Before becoming NNAF executive director in 2015, Yamani served as Executive Director and spokesperson for the Illinois Caucus for Adolescent Health (ICAH), which educates, organizes, and advocates on behalf of the sexual health, rights, and identities of young people aged 12-24. Under Yamani’s leadership, ICAH fought equally for access to comprehensive sex-education, to reduce shame of young parents and to lift the barrier of parental notification of abortion, thereby elevating the issues of youth in the reproductive justice movement. While at ICAH, she told her abortion story as a part of the 1 in 3 campaign. She was awarded the 2012 Margaret Carr Wiley Bright Horizons Award by Planned Parenthood of Illinois, honored with an AmeriCorps Alum National Leadership Award for her work with Public Allies Chicago, and presented with the Visionary Leader Award in 2012 by her staff.

Yamani is a Ford Foundation Public Voices Fellow and a writer for Echoing Ida, a program of Forward Together that supports leadership and amplifies the voices of Black women. She has written and been quoted extensively in outlets such as RH Reality CheckProgress IllinoisThe Reader, EBONY, The Nation, and has appeared on MSNBC. 

Yamani will be sharing the stage with Jessica Gonzalez-Rojas—executive director of the National Latina Institute for Reproductive Health—for a panel discussion on how our movement has evolved and grown. Click here to buy your tickets today!


October 3 marks 40 years since Rosie Jimenez—a Texan, mother and college student from the South Texas town of McAllen—died from an infection following an unsafe abortion. The federal Hyde Amendment—first passed in 1976 and each year since—prohibited Rosie’s Medicaid insurance from paying for her abortion, so instead Rosie sought out the only procedure she could afford–and it led to her death just days later. She left behind a 4-year-old daughter and was studying to be a teacher.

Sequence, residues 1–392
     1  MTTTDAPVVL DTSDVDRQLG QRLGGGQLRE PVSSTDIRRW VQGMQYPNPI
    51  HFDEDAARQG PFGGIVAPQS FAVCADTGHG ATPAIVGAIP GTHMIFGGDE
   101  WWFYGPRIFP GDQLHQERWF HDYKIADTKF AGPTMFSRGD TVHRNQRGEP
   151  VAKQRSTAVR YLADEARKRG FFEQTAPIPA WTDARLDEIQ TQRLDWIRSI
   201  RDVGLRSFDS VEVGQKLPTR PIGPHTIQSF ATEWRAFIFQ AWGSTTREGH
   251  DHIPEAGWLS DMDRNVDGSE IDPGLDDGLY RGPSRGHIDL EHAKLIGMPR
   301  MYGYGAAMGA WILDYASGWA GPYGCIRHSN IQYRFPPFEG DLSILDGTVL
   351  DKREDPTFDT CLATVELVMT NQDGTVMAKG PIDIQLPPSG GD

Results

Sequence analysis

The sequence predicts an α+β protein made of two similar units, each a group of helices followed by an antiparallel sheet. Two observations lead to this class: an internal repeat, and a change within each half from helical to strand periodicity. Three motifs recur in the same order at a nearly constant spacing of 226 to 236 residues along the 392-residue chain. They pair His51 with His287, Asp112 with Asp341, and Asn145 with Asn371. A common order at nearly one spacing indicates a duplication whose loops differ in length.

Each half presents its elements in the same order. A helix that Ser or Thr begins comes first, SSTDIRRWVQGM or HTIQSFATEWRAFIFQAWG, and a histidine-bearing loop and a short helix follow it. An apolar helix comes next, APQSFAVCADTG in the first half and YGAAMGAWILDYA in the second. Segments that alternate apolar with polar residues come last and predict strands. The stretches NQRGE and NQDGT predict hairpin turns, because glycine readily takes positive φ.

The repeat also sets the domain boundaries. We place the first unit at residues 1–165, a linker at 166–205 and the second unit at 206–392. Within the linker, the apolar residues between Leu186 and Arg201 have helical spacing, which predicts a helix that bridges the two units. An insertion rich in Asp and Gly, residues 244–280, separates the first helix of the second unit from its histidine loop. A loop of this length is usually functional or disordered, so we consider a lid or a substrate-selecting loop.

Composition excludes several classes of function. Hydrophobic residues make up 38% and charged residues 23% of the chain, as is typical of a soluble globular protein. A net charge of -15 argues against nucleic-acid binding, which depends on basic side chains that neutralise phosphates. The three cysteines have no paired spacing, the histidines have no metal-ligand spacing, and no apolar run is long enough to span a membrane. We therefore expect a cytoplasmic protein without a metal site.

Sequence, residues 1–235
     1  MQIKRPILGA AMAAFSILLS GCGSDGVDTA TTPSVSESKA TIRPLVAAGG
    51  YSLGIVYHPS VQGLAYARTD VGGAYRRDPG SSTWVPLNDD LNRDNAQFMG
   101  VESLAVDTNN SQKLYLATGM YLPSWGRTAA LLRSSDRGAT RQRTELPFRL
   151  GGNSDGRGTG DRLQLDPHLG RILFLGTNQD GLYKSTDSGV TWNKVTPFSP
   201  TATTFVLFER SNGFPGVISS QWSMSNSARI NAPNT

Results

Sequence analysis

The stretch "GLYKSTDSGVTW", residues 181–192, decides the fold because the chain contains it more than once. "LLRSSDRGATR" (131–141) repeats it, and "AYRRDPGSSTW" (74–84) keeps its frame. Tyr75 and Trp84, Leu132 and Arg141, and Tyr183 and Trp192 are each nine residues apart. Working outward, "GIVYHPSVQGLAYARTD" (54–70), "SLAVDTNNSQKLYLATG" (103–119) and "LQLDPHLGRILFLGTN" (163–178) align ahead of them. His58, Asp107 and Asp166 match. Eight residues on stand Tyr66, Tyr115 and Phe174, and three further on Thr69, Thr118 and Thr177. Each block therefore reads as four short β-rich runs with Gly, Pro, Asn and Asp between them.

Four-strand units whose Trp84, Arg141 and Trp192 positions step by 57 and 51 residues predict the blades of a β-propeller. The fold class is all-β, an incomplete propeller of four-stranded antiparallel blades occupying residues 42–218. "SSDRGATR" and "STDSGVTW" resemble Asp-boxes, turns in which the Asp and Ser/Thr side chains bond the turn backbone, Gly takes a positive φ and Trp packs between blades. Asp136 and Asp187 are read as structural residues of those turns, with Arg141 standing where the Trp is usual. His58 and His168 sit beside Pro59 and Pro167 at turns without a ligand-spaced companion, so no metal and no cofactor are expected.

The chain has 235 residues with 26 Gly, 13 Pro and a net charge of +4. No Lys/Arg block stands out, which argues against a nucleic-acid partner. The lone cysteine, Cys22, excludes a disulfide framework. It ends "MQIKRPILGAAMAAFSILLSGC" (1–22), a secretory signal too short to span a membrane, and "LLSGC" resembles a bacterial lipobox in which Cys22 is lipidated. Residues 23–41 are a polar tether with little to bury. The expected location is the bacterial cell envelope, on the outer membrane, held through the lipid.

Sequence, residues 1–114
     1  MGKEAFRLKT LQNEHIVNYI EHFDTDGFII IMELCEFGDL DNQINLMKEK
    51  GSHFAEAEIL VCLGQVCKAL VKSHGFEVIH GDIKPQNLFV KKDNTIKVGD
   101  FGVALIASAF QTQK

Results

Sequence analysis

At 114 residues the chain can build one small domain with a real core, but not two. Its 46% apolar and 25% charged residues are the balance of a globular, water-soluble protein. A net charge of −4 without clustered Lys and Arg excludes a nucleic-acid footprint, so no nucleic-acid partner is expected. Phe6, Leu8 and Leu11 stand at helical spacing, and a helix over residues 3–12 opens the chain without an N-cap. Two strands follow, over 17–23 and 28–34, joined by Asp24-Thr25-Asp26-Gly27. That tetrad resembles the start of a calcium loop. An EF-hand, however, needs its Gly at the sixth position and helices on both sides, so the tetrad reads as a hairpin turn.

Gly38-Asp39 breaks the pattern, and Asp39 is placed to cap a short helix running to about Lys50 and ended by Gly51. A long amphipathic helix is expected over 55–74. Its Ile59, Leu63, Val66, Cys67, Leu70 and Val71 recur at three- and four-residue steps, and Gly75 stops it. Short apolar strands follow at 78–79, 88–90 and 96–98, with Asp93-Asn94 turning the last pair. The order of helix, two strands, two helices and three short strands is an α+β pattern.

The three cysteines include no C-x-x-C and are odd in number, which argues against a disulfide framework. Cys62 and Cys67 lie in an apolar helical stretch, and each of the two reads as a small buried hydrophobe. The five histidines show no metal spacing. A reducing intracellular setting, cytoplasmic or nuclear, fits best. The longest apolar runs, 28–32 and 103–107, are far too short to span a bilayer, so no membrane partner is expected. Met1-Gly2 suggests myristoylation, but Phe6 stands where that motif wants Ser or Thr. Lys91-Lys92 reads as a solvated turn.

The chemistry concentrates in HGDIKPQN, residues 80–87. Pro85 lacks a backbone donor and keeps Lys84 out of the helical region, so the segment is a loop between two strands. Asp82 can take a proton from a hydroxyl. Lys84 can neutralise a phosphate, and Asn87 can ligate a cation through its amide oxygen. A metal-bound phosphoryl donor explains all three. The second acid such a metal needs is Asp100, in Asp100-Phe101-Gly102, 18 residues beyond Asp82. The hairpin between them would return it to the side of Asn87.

Rosie wanted a better future for herself and her daughter. So committed was she to their future that a $700 scholarship check was found in her purse when she died. She could have used her college money for safe abortion care at a clinic, but she was saving it for her education—her way of escaping poverty.

Rosie was the first known person to die after the Hyde Amendment took effect in 1977, and since then Hyde has denied abortion coverage for people enrolled in Medicaid as well as federal employees, women in the military, Peace Corps volunteers, disabled women, residents of Washington D.C., Native women who use the Indian Health Service, and women held in federal prisons and immigration detention centers. More than 30 states have enacted their own versions of Hyde, and 10, including Texas, go as far as to ban private insurance coverage as well. Women should not be forced to choose between covering basic expenses such as rent or child care and accessing the health care that they need and deserve.

Rosie’s memory lives on 40 years later in the tireless work of abortion funds and reproductive justice groups across the country, who fight daily for abortion access for all in their communities. In Rosie’s hometown of McAllen, South Texans for Reproductive Justice organizes clinic escorts so that patients can safely access the care they need without harassment from malicious anti-abortion protesters. This week, NARAL Pro-Choice Texas was honored to join STRJ in remembering Rosie at her gravesite in McAllen, followed by a dinner reception with the fierce Rio Grande Valley activists leading the reproductive justice movement in the region.

It’s long past time for the Hyde Amendment to be stripped from the books for good, as well as state laws that restrict coverage for abortion care. As we remember Rosie and honor her memory, join us mobilizing in your community and striving for BOLD action to end abortion coverage bans.